Saudi to remain reliant on food imports

Saudi Arabia has admitted it would not be able to achieve self-sufficiency in most farm products and would remain heavily reliant on food imports.

The Gulf Kingdom’s minister of agriculture Fahd bin Sulaiman Balghunaim made the surprise comments during a press conference ahead of a local agriculture exhibition and conference in Riyadh.

Balghunaim said Saudi Arabia, the world’s richest nation in oil but one of the poorest in water, is doing its best to meet local needs in some farm products but added it would not be able to achieve full self-sufficiency.

He told Saudi newspapers that the Kingdom is recording one of the highest population growth rates, adding that this would require more food imports.

“Water resources in the Kingdom are limited and this means we will not be able to locally produce all the farm products which we need,” he said.

“To be realistic, I do not expect Saudi Arabia to be able to cover all its food needs with its present population growth and living standards…we cannot achieve complete self-sufficiency and this means we will remain reliant on imports.”

Balghunaim said poor water reserves in the Kingdom, which controls over a fifth of the world’s proven oil deposits, had prompted it to gradually stop local wheat and barley production, adding that alternative plans involve increasing imports and investing in farms in Sudan and other fertile countries.

His figures showed Saudi Arabia consumes nearly three million tonnes of wheat per year, around 10 million tonnes of fodder and one million tonnes of rice. “This means that we should concentrate our overseas farm investments on wheat and fodder not on rice…but we still aim to meet part of our needs of rice.”

He said the Saudi government no longer encourages the local cultivation of wheat and barely as it prefers to rely on imports because they drain the country’s financial and water resources. He referred to the government’s decision to stop wheat and barely production and compensate farmers for their losses.

Saudi Arabia is already the largest Arab importer of farm products, which exceeded SR65 billion in 2009, according to official data.

The import value is expected to have surged last year and in the coming years because of high population growth and a decision to halt local wheat production.

“In 2009, the value of food imports by Saudi Arabia peaked at SR65.25 billion as a result of a steady population growth, which is estimated at three per cent, as well as economic growth and high per capita income,” said Khaled Daou, director of an international farming exhibition staged in Riyadh in October.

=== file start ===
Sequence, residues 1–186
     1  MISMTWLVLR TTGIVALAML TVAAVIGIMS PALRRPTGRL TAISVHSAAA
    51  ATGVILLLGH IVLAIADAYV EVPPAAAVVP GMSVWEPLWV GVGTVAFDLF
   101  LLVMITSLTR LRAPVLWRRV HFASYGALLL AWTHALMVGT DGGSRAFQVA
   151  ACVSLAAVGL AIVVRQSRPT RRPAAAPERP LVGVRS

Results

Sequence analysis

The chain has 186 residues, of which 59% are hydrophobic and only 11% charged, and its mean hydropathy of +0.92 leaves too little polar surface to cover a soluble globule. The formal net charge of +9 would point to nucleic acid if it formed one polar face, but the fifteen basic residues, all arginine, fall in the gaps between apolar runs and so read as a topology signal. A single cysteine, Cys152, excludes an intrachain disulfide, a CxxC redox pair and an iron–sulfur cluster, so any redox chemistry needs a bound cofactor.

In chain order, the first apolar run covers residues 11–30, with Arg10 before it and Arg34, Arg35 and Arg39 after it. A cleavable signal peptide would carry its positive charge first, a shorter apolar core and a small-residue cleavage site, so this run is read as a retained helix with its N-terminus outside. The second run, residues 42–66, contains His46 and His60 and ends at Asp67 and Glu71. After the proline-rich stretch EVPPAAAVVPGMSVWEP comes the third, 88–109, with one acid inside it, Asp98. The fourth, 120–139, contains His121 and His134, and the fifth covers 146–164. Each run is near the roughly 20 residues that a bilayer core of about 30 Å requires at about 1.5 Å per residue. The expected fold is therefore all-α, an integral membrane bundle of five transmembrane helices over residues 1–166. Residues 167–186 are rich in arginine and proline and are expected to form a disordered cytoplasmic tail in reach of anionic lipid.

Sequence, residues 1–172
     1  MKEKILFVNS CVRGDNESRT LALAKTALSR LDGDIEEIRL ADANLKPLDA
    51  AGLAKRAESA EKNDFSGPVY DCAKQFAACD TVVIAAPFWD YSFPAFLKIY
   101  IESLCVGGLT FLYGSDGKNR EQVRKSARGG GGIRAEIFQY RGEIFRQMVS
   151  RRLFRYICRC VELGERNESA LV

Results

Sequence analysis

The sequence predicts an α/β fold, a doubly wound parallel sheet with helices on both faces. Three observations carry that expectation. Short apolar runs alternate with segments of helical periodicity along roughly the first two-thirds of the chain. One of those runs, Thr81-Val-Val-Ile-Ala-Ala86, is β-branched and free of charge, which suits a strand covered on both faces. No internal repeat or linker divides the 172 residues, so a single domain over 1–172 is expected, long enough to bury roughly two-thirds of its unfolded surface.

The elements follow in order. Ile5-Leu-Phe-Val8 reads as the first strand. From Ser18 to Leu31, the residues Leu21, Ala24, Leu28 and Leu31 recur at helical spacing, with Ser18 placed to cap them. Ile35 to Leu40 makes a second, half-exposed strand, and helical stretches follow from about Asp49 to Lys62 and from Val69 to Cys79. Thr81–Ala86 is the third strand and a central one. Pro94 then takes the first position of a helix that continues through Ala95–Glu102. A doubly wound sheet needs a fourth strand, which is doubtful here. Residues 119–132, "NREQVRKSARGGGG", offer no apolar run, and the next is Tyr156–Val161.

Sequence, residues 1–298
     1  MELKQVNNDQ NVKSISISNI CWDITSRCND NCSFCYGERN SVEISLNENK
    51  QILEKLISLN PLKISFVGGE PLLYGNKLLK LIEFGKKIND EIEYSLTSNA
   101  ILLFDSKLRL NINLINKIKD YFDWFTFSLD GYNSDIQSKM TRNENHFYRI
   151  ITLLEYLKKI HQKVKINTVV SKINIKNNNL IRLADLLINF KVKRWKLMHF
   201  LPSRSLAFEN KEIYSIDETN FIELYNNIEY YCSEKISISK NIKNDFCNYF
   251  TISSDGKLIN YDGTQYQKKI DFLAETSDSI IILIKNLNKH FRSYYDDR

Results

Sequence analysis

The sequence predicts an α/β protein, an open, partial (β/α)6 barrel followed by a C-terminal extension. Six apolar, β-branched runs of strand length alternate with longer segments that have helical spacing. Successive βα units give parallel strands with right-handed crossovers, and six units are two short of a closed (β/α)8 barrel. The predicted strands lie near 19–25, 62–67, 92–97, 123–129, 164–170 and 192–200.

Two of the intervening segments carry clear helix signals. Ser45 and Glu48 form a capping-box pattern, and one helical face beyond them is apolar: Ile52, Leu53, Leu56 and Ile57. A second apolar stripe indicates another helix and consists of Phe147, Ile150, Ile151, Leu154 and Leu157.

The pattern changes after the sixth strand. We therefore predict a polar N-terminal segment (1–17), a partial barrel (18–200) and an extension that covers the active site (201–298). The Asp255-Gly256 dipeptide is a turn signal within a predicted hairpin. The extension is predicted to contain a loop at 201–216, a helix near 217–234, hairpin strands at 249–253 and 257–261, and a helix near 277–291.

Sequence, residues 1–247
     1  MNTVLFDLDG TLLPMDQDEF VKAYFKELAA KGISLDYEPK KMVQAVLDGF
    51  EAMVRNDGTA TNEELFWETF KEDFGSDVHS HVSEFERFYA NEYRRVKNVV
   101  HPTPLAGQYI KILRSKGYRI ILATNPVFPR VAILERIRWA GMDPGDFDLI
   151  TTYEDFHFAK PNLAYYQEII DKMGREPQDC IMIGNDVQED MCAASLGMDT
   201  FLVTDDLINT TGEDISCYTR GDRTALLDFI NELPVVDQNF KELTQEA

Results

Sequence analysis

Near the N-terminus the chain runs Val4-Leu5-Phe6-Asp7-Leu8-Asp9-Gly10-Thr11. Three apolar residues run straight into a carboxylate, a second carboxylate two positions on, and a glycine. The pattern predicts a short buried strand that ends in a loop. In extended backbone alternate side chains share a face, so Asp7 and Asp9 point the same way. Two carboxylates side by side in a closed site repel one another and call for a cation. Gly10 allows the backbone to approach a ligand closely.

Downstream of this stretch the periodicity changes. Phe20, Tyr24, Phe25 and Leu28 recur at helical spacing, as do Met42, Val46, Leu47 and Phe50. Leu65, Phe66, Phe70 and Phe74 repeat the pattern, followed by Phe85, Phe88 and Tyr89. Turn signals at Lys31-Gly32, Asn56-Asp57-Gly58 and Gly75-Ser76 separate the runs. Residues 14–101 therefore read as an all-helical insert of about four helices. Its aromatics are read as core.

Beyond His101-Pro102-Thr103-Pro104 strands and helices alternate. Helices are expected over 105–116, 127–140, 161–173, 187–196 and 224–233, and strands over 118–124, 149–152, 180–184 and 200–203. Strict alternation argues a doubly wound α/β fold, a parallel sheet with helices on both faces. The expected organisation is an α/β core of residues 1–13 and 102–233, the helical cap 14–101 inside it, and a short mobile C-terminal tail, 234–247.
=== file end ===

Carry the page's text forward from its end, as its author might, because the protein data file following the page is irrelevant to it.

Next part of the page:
“We expect a further increase in demand for food in the coming five years because this growth and the increase in the number of visitors, which exceeded 10 million last year…another factor is the expected rise in the number of foreign workers needed for the growing number of projects.”

Daou said there are forecasts Saudi Arabia’s population would grow by nearly 15.4 per cent in the next five years from the present level of 27 million.

“This means that we will see an increase in the food import value and an intensified drive to achieve food security in the Kingdom,” he said.

Saudi Arabia is the largest Arab food importer given its rapid population growth and poor arable land as it is mostly a desert. Last year, the Kingdom’s farm imports accounted for nearly 45 per cent of the total Arab food imports of about $39 billion (SR143 billion), according to the Arab League.

Jolted by a surge in global food prices in 2007 and 2008, Saudi Arabia has turned abroad to ease reliance on farm imports by investing in agricultural projects in Sudan and other fertile countries.

But analysts believe such projects would not have a strong downward impact on imports as they will be offset by Riyadh’s decision to halt local wheat production and rely on foreign imports to preserve its dwindling water wealth.

“There is no doubt this decision will only aggravate the Kingdom’s food import bill as the plan is to rely totally on imported wheat,” a Riyadh-based economist said.

Saudi Arabia had produced nearly three million tonnes of wheat per year to meet domestic needs but output is expected to have plunged to one million tonnes in 2010 following the government’s decision to stop subsidizing local production.

In the next two years, output could dip further and the country will become almost totally reliant on imports, mainly from the West.

“The decision we took two years ago to halt local wheat output is final and clear……there is no going back,” Balghaneem said.

“The country is now giving priority to water security over food security…this was a cabinet decision, which also directed us to stop producing wheat locally.”

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